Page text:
WHEN I had a Malvern Star bicycle as a boy I never considered it anything more than just “my bike”. It was there so I could ride with my friends; we all learnt by experience of gears, clusters, chains, brakes, derailleurs etc., and helping each other through various breakdowns was part of growing up.
But had I bothered to research my steed I would have found out that, far from being “just a bike”, the Malvern Star had a history of which to be proud. And that history began not far from where I lived.
In 1898 cyclist and bicycle mechanic Tom Finnigan entered the Austral Wheel Race, the highly prized twomile handicap at the MCG which had a First Prize of 240 gold sovereigns – a sizeable amount in those days, easily enough to start a business on; but I’m getting ahead of myself. Finnigan won the fifth of the 11 heats easily by a margin of five lengths. Only heat winners and some fastest seconds qualified for the final, so he was in.
The Argus newspaper declared of the day: “The meeting was one of the most pleasant that had yet been held by the Melbourne Bicycle Club” and … “the best day ever known … fast and brilliant.” Finnigan won the race with a time of 4 minutes 30.8 seconds. In possession of the prize money he set up his own bike shop at 58 Glenferrie Road, Malvern and in 1903 began building and selling his own brand of bikes. The Malvern Star was born, its logo featuring a six-pointed star which matched a tattoo on his forearm.
In 1920, due to failing health, Finnigan sold his shop to Bruce Small, who at once set about growing the business with a vengeance. Within five years the number of staff had grown to 13. Small kept the name Malvern Star and in 1921 awarded a new bike as third prize in a race to a young 17-year-old racer, Hubert Opperman. He at once recognised Opperman’s potential and thus began a relationship which would see rider and brand catapulted onto the world stage.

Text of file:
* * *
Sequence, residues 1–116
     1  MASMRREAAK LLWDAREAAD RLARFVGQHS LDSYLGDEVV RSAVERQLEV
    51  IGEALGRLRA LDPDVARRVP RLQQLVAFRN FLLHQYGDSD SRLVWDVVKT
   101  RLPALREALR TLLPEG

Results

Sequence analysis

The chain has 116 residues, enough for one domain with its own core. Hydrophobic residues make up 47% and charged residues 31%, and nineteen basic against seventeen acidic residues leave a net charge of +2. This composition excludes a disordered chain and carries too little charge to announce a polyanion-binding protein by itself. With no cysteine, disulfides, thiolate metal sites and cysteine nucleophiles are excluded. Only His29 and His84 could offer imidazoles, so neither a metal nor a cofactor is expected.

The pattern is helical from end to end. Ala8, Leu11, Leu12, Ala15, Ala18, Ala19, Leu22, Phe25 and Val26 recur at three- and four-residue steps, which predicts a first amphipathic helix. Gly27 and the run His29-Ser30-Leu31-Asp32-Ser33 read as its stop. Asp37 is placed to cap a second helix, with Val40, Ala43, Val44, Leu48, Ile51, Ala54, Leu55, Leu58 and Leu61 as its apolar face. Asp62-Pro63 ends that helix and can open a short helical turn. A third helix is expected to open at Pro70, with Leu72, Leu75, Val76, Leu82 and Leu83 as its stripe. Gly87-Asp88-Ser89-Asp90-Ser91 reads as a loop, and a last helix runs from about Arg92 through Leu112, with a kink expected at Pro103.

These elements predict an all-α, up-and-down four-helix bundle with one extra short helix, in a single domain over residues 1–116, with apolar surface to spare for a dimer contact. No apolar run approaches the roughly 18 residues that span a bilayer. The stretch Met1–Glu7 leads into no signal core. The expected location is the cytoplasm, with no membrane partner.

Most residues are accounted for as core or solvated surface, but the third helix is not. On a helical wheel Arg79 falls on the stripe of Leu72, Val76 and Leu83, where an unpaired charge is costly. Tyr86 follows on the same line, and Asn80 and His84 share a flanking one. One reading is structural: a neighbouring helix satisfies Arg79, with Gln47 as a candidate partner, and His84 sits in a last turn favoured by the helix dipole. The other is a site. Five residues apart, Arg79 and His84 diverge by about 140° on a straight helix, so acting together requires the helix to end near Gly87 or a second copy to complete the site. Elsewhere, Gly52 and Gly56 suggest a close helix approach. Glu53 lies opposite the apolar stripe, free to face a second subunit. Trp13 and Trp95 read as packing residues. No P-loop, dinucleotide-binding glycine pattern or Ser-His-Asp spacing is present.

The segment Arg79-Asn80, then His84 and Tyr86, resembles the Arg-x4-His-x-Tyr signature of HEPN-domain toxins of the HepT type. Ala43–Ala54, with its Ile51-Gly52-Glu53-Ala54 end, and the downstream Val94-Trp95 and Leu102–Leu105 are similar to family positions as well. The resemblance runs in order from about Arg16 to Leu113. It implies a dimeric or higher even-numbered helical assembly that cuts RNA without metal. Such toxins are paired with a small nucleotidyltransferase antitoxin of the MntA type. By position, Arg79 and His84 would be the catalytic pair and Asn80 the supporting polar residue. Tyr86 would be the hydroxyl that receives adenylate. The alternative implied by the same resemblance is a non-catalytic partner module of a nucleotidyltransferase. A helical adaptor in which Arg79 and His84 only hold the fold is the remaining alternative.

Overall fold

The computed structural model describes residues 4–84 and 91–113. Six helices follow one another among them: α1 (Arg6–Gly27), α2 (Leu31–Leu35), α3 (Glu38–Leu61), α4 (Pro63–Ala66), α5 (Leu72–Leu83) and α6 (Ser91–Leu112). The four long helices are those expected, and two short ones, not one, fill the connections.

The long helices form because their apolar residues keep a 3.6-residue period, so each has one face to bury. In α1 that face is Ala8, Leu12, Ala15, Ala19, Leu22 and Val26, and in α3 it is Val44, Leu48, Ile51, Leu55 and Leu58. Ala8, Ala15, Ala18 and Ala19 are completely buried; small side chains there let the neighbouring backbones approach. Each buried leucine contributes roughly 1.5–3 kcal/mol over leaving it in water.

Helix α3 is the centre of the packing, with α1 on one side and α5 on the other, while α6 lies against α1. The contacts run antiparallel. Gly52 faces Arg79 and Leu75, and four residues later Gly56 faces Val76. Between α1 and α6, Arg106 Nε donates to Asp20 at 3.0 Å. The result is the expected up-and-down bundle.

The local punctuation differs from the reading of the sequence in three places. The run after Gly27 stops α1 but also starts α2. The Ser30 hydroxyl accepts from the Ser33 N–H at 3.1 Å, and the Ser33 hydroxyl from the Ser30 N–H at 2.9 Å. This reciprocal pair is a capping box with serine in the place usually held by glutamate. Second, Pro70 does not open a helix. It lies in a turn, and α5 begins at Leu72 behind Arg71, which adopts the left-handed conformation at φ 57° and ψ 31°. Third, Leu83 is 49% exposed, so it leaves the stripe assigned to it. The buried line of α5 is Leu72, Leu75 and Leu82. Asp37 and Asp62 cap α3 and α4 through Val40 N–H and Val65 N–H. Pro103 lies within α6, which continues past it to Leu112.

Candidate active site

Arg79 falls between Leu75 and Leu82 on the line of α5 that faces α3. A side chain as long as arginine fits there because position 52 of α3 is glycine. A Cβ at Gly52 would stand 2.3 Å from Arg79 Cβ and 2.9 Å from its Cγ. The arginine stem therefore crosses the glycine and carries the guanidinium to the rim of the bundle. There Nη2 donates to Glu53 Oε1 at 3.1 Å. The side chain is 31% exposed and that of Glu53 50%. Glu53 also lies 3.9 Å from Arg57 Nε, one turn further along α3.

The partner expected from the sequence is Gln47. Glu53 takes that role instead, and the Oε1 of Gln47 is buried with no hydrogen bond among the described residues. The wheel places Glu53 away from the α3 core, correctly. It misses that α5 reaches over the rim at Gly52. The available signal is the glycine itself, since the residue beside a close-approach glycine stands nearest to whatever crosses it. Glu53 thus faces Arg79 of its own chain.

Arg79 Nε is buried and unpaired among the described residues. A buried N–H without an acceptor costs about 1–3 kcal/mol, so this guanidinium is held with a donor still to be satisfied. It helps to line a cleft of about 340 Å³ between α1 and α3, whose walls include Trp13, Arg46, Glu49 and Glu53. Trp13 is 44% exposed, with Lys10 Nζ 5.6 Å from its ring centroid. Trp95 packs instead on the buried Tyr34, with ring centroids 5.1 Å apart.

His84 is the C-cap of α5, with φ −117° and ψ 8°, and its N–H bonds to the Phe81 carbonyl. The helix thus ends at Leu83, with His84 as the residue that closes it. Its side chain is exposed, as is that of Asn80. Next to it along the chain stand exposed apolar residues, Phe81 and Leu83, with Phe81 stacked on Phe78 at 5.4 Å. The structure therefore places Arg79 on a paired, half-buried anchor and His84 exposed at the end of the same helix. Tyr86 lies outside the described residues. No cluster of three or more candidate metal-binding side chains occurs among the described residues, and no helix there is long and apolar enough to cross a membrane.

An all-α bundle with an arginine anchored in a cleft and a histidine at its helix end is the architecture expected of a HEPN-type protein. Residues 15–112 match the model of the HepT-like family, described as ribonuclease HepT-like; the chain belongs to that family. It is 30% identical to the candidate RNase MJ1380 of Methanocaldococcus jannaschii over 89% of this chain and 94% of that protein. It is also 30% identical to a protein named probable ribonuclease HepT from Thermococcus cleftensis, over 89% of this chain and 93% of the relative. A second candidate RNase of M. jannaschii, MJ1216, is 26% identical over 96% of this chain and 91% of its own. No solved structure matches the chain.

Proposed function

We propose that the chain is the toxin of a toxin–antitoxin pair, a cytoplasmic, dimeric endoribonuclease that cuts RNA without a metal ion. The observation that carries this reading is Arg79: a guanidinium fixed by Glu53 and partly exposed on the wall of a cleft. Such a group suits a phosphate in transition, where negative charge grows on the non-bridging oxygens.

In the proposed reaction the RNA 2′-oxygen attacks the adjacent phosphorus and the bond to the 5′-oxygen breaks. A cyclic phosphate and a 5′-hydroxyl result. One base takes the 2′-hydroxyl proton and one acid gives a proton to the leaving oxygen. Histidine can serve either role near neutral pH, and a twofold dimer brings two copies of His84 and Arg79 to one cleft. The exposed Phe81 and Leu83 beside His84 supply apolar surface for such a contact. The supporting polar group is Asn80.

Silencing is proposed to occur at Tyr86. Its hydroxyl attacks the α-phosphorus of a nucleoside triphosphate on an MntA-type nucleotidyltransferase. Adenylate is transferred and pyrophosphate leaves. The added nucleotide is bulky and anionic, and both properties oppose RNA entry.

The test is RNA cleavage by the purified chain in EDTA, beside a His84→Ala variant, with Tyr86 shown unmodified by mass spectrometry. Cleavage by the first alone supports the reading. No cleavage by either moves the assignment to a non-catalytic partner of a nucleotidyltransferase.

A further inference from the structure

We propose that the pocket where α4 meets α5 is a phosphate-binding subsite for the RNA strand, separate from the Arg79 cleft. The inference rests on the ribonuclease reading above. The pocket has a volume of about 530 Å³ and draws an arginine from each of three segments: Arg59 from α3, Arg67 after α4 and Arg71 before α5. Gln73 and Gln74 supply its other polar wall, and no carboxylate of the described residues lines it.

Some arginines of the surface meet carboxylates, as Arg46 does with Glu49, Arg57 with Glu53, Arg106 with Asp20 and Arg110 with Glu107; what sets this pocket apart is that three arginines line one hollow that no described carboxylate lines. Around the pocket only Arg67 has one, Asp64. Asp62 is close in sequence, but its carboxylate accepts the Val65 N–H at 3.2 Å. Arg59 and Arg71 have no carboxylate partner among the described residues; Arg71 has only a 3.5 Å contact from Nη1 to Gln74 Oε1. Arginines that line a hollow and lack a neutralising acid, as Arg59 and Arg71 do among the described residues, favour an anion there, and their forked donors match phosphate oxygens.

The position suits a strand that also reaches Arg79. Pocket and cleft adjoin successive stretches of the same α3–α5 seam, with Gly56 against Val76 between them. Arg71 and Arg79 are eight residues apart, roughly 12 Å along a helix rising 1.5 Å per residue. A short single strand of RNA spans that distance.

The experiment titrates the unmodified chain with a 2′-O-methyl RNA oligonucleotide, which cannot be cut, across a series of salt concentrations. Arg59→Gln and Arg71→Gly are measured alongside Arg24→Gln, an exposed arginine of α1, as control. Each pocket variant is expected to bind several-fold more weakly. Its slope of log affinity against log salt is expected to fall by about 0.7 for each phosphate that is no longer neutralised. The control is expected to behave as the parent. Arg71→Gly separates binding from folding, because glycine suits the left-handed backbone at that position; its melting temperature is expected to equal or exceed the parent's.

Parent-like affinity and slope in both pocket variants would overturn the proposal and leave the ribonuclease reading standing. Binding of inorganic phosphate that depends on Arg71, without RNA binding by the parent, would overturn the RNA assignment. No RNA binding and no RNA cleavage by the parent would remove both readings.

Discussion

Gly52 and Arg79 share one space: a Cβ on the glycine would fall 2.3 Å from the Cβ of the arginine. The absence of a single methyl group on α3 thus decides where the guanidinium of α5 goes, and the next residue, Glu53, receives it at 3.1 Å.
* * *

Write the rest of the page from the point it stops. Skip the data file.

The Australian team for the 1928 Tour De France, managed by Small, comprised three Australians, Opperman, Percy Osborn and Ernest Bainbridge and one New Zealander, Harry Watson. The team did well competing amongst the Europeans. Opperman finished in 18th place but went on to win the Bol d’Or endurance event, riding 17 hours without dismounting, in front of a cheering crowd of 50 000.
By 1933 Malvern Star employed 100 personnel and in that year introduced its fork with a star embedded on each side of the fork crown. It released its new prime racer, the Malvern Star Opperman. The “Oppy” embodied the best features of the Tour de France model and for the first time represented the identical machine ridden by “Oppy”.
In January 1940, to publicise the introduction of new Five Star models, Hubert Opperman rode the last major endurance ride of his career at the Sydney Arena velodrome. In a 24-hour ride he broke 101 world, national and state records. At this time Malvern Star had become the largest manufacturing plant in the southern hemisphere with thousands of bicycles built annually – more than any other manufacturer.
To continue the story of Malvern Star’s rise in adequate detail would take far more space than I have; suffice it to say that the brand continued to be an ubiquitous part of the cycling landscape. Who can forget the success, for example, of the Dragster bikes during the 1970s? Having only now looked into the history of the brand, I recall the bike of my own childhood with new respect. It never let me down – and now I know why.